RIT study reveals public’s engagement with 2024 solar eclipse across America

Saunders College researcher highlights trends, implications for preparedness ahead of celestial event

Robert Slobins

Muhammet Kesgin, a faculty researcher from Saunders College of Business at RIT, has co-authored a study capturing the public’s pre-event engagement with the 2024 solar eclipse happening across the U.S. next week.

A faculty researcher from Saunders College of Business at RIT has conducted a study capturing the public’s pre-event engagement with the 2024 solar eclipse happening across the U.S. next week.

According to Muhammet Kesgin, associate professor in the International Hospitality and Service Innovation Department, and Kate Russo, an eclipse-chasing psychologist based in Australia who has witnessed 13 total solar eclipses throughout the world, their study is the first to explore the level of awareness of the eclipse across the U.S.—both inside and outside of the path of totality.

Each survey, undertaken at two time points—one 30 days prior, the other 15 days before the eclipse—collected data from more than 500 participants, split evenly between respondents identifying as male or female. Among the key findings:

  • Results demonstrated that awareness and knowledge has grown significantly as the total solar eclipse gets closer in locations where the sun will be covered 80 to 99 percent, and 100 percent.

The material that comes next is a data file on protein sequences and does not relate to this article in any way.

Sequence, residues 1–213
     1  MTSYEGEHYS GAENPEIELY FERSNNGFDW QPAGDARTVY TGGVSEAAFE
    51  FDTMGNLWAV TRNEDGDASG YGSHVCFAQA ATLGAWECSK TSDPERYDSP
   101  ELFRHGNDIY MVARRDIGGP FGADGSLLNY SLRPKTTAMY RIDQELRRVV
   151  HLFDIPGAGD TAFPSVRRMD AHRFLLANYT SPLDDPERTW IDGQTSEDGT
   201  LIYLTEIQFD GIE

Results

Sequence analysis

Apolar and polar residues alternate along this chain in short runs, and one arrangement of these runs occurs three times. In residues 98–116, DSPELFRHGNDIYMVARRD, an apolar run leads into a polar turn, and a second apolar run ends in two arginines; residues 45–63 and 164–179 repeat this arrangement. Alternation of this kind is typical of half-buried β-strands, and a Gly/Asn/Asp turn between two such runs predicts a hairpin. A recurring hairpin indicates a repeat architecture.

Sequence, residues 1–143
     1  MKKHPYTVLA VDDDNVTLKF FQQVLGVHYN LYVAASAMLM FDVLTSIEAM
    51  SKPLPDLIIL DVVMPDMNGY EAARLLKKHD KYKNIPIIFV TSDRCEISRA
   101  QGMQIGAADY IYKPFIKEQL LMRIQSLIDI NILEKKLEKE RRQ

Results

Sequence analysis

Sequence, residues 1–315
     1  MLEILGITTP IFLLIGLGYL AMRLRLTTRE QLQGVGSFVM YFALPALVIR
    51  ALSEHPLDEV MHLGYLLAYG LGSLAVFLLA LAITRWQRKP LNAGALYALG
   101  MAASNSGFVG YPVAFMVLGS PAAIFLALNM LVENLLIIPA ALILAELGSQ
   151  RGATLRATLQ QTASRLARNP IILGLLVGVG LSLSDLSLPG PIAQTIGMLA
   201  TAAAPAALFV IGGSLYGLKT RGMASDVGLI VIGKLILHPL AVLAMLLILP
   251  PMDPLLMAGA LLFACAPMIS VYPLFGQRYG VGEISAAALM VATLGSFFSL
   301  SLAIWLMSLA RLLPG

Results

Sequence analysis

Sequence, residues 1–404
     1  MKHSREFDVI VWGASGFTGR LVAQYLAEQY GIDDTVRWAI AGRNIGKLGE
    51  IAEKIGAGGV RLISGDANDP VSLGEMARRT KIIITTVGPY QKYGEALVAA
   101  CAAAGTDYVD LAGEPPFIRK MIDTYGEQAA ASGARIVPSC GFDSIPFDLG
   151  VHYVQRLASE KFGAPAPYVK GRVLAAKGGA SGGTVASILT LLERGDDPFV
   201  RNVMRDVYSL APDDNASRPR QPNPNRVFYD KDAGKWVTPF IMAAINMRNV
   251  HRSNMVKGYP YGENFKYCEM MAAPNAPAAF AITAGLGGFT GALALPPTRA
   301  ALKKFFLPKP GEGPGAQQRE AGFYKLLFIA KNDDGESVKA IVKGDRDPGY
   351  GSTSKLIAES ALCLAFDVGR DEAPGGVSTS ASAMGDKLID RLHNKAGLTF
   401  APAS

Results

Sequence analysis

• Engagement and awareness varies according to age and location in terms of proximity to the path of totality.
  • Awareness levels are almost identical between survey participants who identified as male or female, while there was a general trend toward higher awareness the older the age group.

On April 8, the sun, moon, and Earth will enter the precise alignment of a total solar eclipse. The moon will block the sun, casting a shadow across a strip of North America from the Pacific Ocean west of Mexico, through 15 U.S. States, to the Atlantic off Canada.

This strip, roughly 4,000 miles and 115 miles wide, is called the path of totality. For a short while, everyone and everything in this path will experience midday darkness. In the Finger Lakes region, the sky will darken at approximately 3:20 p.m.

“Communities like Rochester within the path have been preparing their regions for the impact of the event over years, including resource planning, emergency management, traffic flow and coordination, and security implications,” Kesgin observed. “We wanted to determine the level of awareness and engagement in the general population by surveying people across the U.S. to help inform those planning.”

"Many Americans have been planning for this total eclipse for some time, reflected in the surge of accommodation bookings across the path of totality,” Russo added. “We also know that many people will try to get into the path of totality at the last minute on April 8—how many remains unknown. We wanted to get a sense of the level of awareness and intention to travel into the path from people living across the U.S., so we can reduce some of the unknowns."

Next week’s solar eclipse occurs seven years after the 2017 total solar eclipse, which was the first time in 39 years that the path of totality made landfall in the U.S., according to the study’s authors. However, unlike the 2017 solar eclipse, which crossed over mostly rural and remote areas, “the 2024 total solar eclipse is a much more significant event,” they said.